Editors' pick: Originally published Jan. 4.
There's a good chance that your bad spending habits in 2016 are behind your New Year's resolutions for 2017.
Behind just about every bad decision is a bad financial decision, and 2016 was full of them. The folks at Principal Financial Group point out that 25% of workers they questioned for a recent survey said that "dining out" was where they blew most of their 2016 budget this year, up from 22% in 2014. Just behind it was "food and groceries" at 20% (up from 18% two years ago). As a result, 53% of those workers say they were planning on exercising regularly to manage their weight in the new year, up from 44% two years ago. Roughly 46% plan to control their portion sizes (the same as in 2014), while 48% plan to eat healthy (up from 46%) and 21% plan to weigh in daily (up from 18%).
"If setting goals is the first step, then taking action is the next," says Luke Vandermillen, vice president at Principal Financial Group, "We know that a lot of well-intentioned New Year's resolutions can quickly fall off the wagon."
According to Marist Poll, roughly 39% of Americans made New Year's resolutions last year, down from a peak of 48% in 2009. "Lose weight" was the top resolution in 2016, with 12% of those who made resolutions citing it as their primary concern. However, if you factor in related resolutions including "exercise more" (9%), "improve health" (9%) and "eat healthier" (8%), and it accounts for almost 40% of all New Year's resolutions. Considering that the National Retail Association says that food was expected to account for $207 of the $936 spent per person this holiday season, there's some serious cost associated with that resolution before you ever sign up for a gym membership.
However, food and ensuing weight gain aren't the only part of the holiday hangover spurring New Year's resolutions this season. Among those surveyed by The Principal, not saving enough (15%), accumulating credit card debt (11%), spending outside their means (9%), taking on more debt (10%) and not contributing enough toward retirement (5%) constituted half of the financial blunders that U.S. workers committed this year. Beyond restaurants and food, however, it seems like workers' penchant for travel is putting them into some serious financial straits -- with 20% saying that travel alone blew their budget for the year, putting it just ahead of rent, mortgage and home improvements (19%).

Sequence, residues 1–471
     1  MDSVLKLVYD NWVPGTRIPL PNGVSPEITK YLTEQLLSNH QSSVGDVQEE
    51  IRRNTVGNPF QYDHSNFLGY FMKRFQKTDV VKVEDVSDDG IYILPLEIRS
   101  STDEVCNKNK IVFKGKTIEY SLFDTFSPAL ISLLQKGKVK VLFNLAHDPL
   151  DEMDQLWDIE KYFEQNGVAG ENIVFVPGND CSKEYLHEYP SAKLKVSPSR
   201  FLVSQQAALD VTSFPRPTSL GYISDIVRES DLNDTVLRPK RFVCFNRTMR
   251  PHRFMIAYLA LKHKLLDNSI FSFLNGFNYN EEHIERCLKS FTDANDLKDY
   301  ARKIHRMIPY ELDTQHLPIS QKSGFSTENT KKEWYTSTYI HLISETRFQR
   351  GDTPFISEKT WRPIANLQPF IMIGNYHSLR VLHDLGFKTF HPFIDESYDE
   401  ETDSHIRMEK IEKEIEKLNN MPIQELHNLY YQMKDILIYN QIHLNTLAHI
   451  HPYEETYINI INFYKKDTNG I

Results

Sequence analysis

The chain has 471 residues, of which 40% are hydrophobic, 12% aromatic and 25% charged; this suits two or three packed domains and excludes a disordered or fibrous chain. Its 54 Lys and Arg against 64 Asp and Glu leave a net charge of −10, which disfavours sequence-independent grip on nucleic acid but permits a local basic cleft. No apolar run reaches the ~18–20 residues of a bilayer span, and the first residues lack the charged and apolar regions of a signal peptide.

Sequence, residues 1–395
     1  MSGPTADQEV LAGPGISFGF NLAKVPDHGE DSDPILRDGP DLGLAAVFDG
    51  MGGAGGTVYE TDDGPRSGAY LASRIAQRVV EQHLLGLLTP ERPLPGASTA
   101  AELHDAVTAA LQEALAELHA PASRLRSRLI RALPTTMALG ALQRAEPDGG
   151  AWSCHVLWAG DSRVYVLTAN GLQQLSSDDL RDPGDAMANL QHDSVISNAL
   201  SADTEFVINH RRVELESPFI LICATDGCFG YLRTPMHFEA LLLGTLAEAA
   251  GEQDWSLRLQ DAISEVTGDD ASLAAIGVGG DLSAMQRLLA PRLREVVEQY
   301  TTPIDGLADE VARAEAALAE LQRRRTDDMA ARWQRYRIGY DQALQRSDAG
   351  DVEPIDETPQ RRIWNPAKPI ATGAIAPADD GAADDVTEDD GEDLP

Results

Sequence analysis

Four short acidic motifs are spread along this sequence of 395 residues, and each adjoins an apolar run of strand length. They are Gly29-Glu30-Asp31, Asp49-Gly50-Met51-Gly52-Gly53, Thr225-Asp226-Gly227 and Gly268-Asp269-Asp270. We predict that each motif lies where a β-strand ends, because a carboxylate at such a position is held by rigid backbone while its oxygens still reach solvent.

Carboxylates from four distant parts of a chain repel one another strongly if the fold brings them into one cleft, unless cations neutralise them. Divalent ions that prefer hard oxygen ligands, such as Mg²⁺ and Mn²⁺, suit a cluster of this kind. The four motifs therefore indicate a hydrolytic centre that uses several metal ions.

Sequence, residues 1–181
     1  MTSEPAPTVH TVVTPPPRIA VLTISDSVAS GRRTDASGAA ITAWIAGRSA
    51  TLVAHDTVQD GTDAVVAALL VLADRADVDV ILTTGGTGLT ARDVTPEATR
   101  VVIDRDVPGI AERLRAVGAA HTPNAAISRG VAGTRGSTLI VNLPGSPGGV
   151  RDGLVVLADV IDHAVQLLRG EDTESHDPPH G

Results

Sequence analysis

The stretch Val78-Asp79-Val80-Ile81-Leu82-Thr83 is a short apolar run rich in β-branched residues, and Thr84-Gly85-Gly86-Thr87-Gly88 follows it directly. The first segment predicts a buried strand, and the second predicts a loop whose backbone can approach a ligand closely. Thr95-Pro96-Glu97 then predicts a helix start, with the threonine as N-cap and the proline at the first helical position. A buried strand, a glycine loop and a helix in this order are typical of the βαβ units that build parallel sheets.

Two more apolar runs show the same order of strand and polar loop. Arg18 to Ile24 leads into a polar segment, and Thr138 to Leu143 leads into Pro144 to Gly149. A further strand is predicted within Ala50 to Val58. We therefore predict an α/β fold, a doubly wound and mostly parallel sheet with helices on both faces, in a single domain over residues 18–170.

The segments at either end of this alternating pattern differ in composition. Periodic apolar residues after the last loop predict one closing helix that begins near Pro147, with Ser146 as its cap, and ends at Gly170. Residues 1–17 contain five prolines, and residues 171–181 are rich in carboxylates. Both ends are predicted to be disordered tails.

All of the above indicates a short-term view that is in no way helpful to your long-term financial goals. For example, financial firm UBS 73% of Millennials (ages 18-34) tend to focus on homes and travel, believing retirement is too far away to worry about. Over half of Millennials with retirement accounts have or would consider dipping into them to make a large purchase, with 25% having already withdrawn funds. This kind of financial thinking isn't beyond other generations, and has a profound impact on the collected finances of U.S. workers.The latest household debt and credit report from the Federal Reserve Bank of New York suggests as much. U.S. workers have accrued $12.35 trillion in debt, which is closing in on the level we hit just before the Great Recession. However, the overwhelming majority of that debt comes from mortgages ($8.35 trillion), which increased by $90 billion from a year earlier but actually dropped $12 billion from earlier in 2016. Lending standards are tightening and debt-wary consumers are shying from the market as interest rates rise.
However, more short-term debt is growing rapidly. Auto loan debt grew as rapidly as mortgage loan debt within the last year ($90 billion), but that debt grew $32 billion in the last quarter alone to $1.14 trillion. Credit card debt, meanwhile, is up to $747 billion after growing $33 billion within the last year. More importantly, while just 1.6% of all people who hold mortgages are past-due on their payments, 3.5% of auto loan holders and 7.2% of those with credit card debt can say the same.
As a result, the 73% of workers who plan to make a financial resolution this year told The Principal that they'll put a set amount of money into savings each month (35%), pay off credit card debt (34%), reduce spending by a specific amount each month (25%) or stop using credit cards altogether (16%). Their top priorities for 2017 include paying down all that debt (27%), saving for retirement (25%), building an emergency fund (11%) and creating and maintaining a budget to help them do all of the above (16%).
Capital One Investing conducted its own survey of investors and found that 32% will dedicate at least one of their New Year's resolutions to personal finance, up from 27% in 2015. However, their top goal is emergency fund (24%), closely followed by investing more in retirement savings (23%) and getting smarter about investing (23%). More than one-third of investors will increase contributions to their retirement plan, with 83% reporting they have access to a plan (up from 75% last year). While Capital One's advisors suggest regularly reviewing your portfolio, setting attainable goals and committing to growing your nest egg as early as possible, The Principal's Vandermillen suggests that undoing all of your spending errors of 2016 can hinge on one simple act that puts all of your financial New Year's resolutions in motion.
"Write it down," he says. "Do a quick assessment of where you are with your finances. Take those great intentions and turn them into great success."